Lord Frost responded robustly to the EU, in a call that evening
Here are the key excerpts from Prime Minister's Office, 10 Downing Street, Cabinet Office, and Lord Frost CMG, 03 Mar 2021
Statement by Lord Frost regarding the Protocol on Ireland / Northern Ireland - key excerpts
"This was their first meeting since Lord Frost took up the role as Minister co-chairing the Partnership Council and the Withdrawal Agreement Joint Committee with the EU.
"He underlined, as the Chancellor of the Duchy of Lancaster had in his letter of 2 February, that progress still needed to be urgently made to address the direct and often disproportionate impact that aspects of the Protocol are having on the citizens of Northern Ireland, contrary to its intended purpose. He acknowledged the work of the Joint Committee over the last few weeks since the Commission’s triggering of Article 16 of the Protocol on 29 January, but noted that these discussions had not yet resolved the current difficulties.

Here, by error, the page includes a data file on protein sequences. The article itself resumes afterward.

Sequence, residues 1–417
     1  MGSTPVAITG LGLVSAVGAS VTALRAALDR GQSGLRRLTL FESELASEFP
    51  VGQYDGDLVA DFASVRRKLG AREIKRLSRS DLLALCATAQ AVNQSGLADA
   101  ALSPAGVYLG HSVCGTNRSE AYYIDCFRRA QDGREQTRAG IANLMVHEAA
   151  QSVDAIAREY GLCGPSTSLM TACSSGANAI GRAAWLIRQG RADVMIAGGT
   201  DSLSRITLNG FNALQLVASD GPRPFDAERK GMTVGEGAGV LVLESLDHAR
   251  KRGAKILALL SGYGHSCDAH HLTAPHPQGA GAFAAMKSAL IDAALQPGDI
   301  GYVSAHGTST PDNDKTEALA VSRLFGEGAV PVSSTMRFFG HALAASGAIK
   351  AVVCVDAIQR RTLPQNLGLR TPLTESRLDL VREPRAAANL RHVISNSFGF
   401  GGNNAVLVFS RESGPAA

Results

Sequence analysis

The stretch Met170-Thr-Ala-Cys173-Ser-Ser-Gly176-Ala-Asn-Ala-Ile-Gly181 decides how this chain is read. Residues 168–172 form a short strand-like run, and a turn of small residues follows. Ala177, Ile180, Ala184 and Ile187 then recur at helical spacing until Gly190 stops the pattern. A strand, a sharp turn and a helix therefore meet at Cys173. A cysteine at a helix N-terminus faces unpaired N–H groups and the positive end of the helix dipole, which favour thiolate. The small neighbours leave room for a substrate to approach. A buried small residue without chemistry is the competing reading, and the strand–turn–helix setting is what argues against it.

"Lord Frost explained that the measures announced today, following official-level notification to the Commission earlier this week, were temporary technical steps, which largely continued measures already in place, to provide more time for businesses such as supermarkets and parcel operators to adapt to and implement the new requirements in the Protocol. He underlined that these were needed for operational reasons and were the minimum necessary steps to allow time for constructive discussions in the Joint Committee to continue without the prospect of disruption to the everyday life of people in Northern Ireland in the coming weeks.
"He noted that such operational measures were well precedented in other international trade arrangements, and that they were entirely consistent with our intention to discharge our obligations under the Protocol in good faith.”